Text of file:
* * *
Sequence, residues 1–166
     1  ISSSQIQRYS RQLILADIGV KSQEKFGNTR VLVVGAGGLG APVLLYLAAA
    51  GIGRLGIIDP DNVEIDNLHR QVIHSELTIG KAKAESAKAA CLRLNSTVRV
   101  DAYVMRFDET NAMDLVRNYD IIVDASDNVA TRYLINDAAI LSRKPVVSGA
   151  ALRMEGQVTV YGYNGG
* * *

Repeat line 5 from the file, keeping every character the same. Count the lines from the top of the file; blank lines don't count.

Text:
   151  ALRMEGQVTV YGYNGG